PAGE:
Christy Lynn: in praise of cold weather

I love cold weather. Maybe it’s because I was born in January, or maybe it’s the part of me that kind of likes it when things are a little hard, but either way, it makes me feel alive.
I admit that there are times when it’s hard to leave a cozy perch with a blanket on the couch in pursuit of a venture outside when temperatures are in the single digits and the wind is whipping through the trees.
Enter Trudy, my energetic border collie, who provides the nudge to get me in motion on even the coldest days.
She’s usually right. Once I’m out in that chilly air and my quads get that tingle as they brush my cold pant legs and my crispy nose hairs once again remind me of their presence, I feel instantly more alert.
Cold air motivates the body immediately, triggering the circulatory system to ramp up and meet the challenge. Researchers at Harvard Medical School suggest that exposure to moderately cold temperatures could be good for the vasculature, as it trains blood vessels in the skin to be more responsive.
While each person’s physical response to cold weather varies slightly and, of course, depends on length and severity of exposure, for most it kicks the sensory systems into gear and signals for the body to get into action.
Typically, when people encounter cold air or water, their blood vessels that flow closest to the surface of the skin constrict so that blood can be concentrated in the core of the body, where it is most critical to maintain a high temperature.
This is what explains why your fingers and toes are the first things to get cold when you’re out in freezing temperatures.
That said, cold weather is also proven to increase circulation in the body and activate calorie-burning and heat-producing brown fat in the body. Babies are born with a high percentage of brown fat in their bodies, but much of that disappears with age and is replaced by white fat (the pesky kind that stores calories and collects at the gut, thighs and other not-so-attractive places).
Brown fat, by contrast, expends energy in the form of heat, which explains why it is naturally activated in cooler weather, according to researchers at the Joslin Diabetes Center in Boston.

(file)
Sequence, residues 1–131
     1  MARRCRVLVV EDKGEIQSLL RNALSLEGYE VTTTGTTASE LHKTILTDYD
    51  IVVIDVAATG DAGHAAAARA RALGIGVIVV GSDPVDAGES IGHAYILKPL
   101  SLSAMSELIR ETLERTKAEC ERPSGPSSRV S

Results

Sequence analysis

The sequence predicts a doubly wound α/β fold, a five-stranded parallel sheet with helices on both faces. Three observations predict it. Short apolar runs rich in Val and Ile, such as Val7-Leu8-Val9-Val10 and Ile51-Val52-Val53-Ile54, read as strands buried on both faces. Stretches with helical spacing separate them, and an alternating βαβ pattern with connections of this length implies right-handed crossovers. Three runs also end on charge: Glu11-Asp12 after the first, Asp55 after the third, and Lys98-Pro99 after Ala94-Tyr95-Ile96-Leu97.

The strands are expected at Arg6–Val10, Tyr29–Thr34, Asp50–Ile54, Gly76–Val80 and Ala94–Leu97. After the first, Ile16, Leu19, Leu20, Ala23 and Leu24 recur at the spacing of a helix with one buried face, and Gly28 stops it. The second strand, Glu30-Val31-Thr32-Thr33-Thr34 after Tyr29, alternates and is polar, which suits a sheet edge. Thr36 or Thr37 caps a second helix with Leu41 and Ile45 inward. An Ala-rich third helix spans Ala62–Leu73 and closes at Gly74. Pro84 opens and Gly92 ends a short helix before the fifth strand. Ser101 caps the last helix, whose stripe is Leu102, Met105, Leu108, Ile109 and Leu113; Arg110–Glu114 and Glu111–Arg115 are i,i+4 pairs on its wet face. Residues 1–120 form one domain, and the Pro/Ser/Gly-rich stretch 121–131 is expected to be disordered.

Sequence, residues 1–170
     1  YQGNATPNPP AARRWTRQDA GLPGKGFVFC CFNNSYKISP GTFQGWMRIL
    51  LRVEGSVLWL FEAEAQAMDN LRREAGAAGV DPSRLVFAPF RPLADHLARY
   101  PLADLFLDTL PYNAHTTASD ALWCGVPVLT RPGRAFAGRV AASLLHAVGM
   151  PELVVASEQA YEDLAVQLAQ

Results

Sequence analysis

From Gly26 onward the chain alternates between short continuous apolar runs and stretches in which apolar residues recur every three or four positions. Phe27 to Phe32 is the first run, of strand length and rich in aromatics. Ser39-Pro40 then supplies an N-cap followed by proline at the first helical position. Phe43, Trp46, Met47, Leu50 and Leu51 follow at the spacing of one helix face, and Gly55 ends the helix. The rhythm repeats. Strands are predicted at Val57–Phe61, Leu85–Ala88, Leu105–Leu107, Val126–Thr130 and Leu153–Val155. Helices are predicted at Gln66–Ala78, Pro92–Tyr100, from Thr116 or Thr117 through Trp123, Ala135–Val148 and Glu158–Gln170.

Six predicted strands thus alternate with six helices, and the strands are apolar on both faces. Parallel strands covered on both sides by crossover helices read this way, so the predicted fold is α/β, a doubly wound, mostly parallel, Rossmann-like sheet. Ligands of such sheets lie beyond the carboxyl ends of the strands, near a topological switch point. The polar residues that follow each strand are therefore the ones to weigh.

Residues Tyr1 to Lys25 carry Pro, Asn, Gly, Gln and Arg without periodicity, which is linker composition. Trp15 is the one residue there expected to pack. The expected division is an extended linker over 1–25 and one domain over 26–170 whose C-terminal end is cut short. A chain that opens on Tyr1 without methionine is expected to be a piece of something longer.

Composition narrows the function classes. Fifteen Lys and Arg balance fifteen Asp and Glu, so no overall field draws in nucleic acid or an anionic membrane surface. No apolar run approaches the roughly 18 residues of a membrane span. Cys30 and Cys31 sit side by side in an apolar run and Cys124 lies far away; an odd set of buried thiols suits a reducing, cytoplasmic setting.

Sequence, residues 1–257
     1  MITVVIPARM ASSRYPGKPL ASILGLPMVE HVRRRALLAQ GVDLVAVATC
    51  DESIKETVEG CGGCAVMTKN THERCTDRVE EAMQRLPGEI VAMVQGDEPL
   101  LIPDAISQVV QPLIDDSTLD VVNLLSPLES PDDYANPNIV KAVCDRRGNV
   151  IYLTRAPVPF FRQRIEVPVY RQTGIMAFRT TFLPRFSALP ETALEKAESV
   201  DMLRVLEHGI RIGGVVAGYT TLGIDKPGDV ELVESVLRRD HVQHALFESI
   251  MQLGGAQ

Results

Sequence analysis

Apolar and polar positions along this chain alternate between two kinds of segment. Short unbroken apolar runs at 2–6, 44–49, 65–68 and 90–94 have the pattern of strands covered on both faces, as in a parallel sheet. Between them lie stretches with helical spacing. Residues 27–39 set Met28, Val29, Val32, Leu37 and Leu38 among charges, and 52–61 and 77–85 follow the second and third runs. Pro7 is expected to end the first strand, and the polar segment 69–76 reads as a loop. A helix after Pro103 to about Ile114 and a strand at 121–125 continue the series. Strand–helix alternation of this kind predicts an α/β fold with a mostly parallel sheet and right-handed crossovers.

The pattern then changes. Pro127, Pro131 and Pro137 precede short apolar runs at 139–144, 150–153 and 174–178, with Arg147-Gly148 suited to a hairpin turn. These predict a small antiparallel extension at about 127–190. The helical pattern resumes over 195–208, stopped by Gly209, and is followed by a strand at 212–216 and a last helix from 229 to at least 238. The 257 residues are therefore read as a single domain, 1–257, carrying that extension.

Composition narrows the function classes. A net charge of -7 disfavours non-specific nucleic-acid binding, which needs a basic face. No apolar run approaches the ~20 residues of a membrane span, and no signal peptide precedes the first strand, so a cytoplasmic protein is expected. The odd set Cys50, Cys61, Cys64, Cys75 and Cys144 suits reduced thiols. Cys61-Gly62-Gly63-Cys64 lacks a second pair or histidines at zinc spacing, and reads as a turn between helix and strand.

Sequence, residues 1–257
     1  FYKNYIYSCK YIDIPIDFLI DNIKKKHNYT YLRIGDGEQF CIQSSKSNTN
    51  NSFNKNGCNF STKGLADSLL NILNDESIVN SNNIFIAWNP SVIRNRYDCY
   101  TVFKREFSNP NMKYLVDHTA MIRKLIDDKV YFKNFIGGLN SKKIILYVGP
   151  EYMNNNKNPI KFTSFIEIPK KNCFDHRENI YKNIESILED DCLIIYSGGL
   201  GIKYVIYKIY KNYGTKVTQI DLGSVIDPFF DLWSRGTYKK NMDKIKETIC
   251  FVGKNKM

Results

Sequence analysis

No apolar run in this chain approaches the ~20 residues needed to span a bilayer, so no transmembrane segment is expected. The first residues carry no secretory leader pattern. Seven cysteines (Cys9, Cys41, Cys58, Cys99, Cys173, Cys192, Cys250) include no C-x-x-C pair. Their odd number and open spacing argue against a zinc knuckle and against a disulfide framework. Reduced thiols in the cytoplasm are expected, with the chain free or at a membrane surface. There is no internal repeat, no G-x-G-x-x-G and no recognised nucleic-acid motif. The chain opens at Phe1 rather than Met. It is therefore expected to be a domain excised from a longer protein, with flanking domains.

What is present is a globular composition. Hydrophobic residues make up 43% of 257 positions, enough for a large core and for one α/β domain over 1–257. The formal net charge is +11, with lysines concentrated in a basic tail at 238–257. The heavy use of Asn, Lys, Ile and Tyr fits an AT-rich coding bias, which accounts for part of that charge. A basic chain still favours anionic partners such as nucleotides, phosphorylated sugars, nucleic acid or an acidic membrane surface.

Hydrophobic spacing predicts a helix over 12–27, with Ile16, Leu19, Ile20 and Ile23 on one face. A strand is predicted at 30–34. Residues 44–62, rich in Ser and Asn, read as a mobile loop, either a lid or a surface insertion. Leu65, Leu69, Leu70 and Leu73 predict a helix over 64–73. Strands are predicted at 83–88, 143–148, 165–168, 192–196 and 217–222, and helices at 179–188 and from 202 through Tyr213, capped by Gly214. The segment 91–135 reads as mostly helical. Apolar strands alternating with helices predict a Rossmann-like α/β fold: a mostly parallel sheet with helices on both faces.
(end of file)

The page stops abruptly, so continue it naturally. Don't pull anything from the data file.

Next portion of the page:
While evidence is still minimal and most doctors aren’t exactly suggesting cold weather as the next fad diet, it might help explain practices in some parts of the world (Japan, Finland and Russia to name a few) that embrace exposure to extreme cold in exchange for supposed health benefits.
According to a Finnish research study, people who participated in regular winter plunges into cold water experienced significant increases in their norepinephrine levels, a stress hormone in the nervous system responsible for vigilant concentration and pain suppression.
Norepinephrine also plays a significant role as a neurotransmitter released from sympathetic neurons to affect the heart; an increase in norepinephrine levels increases the rate of contractions in the heart.
Particularly in elderly people, increased heart rate and blood pressure can result from cold temperatures, which trigger the release of norepinephrine, explaining why there are an increased number of heart attacks and other cardiovascular troubles in the winter when our bodies (and hearts) are working harder.
Of course, Trudy doesn’t know any of this.
What Trudy knows is that zooming through the forest is better than sitting on the couch, regardless of whether it’s 75 degrees and sunny, 39 and raining, or 14 below.
It’s possible that my dog also appreciates the sparkle of a snowy field on a sunny day or the quiet that falls over the forest with softly falling flakes.
But more than likely those subtleties are lost on Trudy. At the most (and because I like to think that she’s a pooch with above-average intelligence), she knows that if I’m inexplicably grumpy and cooped up at my desk or lazing on the couch, the medicine I really need is a good walk in the woods. That sharp, cold blast of reality always — always — changes my mood for the better. 

Share this story:

More News
News Uncategorized

Fresh Air Fund youths returning to county

The Fresh Air Fund, initiated in 1877 to give kids from New York City the opportunity to e … (read more)

Obituaries Uncategorized

Mark A. Nelson of Bristol

BRISTOL — A memorial service for Mark A. Nelson of Bristol will be held 1 p.m. on Saturday … (read more)

Sports Uncategorized

High school athletes ready for fall playoffs this week

See when your favorite high school team is competing in the fall sports playoffs.

Share this story: